Non-roll – Has vertical ribs to keep it from bending in half. But when it bends, the crease is permanent. Has less stretch than Braided or woven. Use only in casings. Best for children’s wear when the waist and hip measurements do not differ much.
Shock cord – A round or oval covered elastic cord used in casings for the hood, waistband or bottom band in outerwear. Other elastics for outerwear and activewear include foldover and binding.
Clear elastic – The latest from the garment industry. You can stretch it to 3x its length and it retains its spring for years. You can zigzag it on. You can serge it, cut the edge and it won’t unravel. Use it to ease in the sleeve cap for heavier fabrics, in hems for push-up sleeves and in swimwear. Use it for shoulder seams and behind buttons and buttonholes in knits.
Put your newfound elastic knowledge to use in one of PFI’s sewing class: Beginning Sewing, Apparel Construction, Lingerie. We’ll show you the right way to sew it. Find out who invented elastic, who was first to use it in clothes and when. Hint: It replaced whalebone corsets!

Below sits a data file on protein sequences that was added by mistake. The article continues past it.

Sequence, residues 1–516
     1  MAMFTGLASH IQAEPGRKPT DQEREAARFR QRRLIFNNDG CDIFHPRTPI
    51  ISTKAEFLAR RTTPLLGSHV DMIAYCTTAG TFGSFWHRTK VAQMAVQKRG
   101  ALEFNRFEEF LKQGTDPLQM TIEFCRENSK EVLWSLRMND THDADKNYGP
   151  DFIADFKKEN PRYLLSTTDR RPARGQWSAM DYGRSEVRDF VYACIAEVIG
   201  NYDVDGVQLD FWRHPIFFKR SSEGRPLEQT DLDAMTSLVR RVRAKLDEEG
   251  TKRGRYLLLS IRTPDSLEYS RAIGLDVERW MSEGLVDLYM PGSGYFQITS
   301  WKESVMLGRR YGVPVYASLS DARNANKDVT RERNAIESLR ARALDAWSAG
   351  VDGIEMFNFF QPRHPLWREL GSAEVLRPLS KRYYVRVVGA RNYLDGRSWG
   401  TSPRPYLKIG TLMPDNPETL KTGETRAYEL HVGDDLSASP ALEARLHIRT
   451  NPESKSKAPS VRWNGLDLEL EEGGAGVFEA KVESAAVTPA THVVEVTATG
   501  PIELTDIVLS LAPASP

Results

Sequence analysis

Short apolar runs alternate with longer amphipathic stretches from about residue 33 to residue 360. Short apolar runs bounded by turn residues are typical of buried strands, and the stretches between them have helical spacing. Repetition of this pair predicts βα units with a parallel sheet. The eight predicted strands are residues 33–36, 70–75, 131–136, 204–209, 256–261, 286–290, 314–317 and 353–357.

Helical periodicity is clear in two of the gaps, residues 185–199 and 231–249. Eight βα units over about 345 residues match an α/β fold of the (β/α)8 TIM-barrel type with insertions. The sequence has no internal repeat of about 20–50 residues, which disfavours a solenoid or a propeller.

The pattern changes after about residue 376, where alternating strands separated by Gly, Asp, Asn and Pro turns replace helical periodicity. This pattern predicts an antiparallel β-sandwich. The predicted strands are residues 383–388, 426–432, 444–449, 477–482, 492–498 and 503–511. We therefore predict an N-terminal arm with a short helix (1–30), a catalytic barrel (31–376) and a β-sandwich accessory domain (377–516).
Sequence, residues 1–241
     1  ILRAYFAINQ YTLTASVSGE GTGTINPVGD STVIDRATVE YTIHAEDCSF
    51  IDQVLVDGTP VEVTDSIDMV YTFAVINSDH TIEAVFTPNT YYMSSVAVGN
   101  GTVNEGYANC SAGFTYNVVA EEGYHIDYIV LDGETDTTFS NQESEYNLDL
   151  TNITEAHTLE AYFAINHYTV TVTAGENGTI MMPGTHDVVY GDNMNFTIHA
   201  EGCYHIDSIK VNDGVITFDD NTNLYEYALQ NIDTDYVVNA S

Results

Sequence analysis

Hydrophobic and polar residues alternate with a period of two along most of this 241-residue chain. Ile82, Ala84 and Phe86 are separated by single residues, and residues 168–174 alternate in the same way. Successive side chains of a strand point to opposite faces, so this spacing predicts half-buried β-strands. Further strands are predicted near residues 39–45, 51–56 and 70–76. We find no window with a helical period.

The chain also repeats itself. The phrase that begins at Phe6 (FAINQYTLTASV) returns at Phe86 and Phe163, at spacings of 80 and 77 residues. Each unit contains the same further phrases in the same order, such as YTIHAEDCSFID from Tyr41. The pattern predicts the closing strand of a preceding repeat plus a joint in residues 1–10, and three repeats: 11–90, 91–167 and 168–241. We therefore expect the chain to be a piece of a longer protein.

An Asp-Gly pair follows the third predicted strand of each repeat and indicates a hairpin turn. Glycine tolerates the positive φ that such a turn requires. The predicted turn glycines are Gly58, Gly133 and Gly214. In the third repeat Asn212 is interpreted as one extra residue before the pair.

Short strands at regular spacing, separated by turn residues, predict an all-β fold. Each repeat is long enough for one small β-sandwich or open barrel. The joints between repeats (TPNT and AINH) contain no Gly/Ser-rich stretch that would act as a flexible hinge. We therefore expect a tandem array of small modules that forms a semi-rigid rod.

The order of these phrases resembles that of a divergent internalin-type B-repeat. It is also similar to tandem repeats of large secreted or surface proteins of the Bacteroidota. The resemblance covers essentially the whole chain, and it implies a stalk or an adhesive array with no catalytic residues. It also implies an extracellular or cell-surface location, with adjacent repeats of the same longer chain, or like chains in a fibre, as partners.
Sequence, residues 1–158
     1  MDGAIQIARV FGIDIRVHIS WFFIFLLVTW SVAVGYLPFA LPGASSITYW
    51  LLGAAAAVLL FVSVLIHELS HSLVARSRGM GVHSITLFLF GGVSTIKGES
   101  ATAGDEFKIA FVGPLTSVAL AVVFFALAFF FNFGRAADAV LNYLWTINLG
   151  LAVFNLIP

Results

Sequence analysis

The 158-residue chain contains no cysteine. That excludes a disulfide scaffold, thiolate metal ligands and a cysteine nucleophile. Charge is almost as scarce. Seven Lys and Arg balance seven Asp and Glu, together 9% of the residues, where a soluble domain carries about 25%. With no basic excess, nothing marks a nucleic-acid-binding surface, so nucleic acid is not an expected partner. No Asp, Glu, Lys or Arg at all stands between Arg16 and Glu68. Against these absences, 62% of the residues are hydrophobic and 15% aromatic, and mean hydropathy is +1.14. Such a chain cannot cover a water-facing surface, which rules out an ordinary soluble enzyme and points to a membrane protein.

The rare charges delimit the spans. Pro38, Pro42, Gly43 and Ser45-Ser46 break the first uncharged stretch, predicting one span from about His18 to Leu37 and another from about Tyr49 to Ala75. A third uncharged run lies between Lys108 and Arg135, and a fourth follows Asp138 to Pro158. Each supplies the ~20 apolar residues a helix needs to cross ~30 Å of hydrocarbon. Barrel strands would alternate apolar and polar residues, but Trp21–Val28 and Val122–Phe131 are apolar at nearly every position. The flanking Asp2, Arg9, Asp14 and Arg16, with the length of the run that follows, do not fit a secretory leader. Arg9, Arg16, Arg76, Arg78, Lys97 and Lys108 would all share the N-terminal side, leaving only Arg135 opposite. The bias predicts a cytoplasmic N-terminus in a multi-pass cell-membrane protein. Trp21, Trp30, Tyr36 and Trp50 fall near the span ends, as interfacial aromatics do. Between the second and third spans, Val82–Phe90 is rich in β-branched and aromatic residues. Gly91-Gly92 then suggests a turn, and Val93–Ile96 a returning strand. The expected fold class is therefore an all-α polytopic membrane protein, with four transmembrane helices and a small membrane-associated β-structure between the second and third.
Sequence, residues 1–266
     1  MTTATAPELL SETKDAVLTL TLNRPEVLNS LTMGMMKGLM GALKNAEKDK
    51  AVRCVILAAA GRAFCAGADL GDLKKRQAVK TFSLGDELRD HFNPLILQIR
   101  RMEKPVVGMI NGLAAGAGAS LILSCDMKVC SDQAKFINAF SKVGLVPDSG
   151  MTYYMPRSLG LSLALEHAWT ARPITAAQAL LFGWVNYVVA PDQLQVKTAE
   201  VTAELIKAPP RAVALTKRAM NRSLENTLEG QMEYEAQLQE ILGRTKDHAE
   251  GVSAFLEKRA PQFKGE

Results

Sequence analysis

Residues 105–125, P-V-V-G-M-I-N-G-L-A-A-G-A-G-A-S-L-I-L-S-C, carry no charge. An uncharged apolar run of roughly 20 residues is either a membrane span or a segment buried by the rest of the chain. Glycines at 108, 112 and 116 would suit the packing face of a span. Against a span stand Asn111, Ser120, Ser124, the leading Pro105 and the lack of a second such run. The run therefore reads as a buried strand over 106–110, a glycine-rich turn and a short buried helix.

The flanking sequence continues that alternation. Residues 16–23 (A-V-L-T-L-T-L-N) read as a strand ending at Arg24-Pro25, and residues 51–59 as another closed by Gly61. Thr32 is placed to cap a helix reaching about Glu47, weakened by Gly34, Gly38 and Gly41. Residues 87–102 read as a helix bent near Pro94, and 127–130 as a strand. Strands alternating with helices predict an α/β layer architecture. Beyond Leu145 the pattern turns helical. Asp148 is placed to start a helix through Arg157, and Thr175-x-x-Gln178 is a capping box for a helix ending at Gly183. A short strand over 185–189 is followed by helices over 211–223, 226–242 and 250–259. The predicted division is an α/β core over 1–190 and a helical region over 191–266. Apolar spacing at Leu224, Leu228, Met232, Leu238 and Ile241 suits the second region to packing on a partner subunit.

Need to pick up a few yards? We have what you need at PFI Supply, right next to the PFI school. Order yours here.
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Friday, August 7, 7pm, free
Virtual event: https://bit.ly/2EMCnZW
What Will the New Normal in Local Fashion Be?
Producer Abibat Durosimi releases a series of interviews with local creatives diving into the subject.
Design Week is in full swing right now—digitally, of course. When the pandemic ruined the annual city-wide showcase of all manifestations of beautiful things, the org pushed to August as we all waited to see what unfolded. (As you already know, what unfolded was many more months of eventless quarantine life.) So this year the celebration is an online one, currently running everything from collaborative online zine workshops to the University of Oregon’s School of Journalism hosting a panel on ethical design in immersive media. And on Friday night, in lieu of the big fancy fashion show that was set to happen in April, producer Abibat Durosimi launches a mini-documentary called The New Norm in Fashion.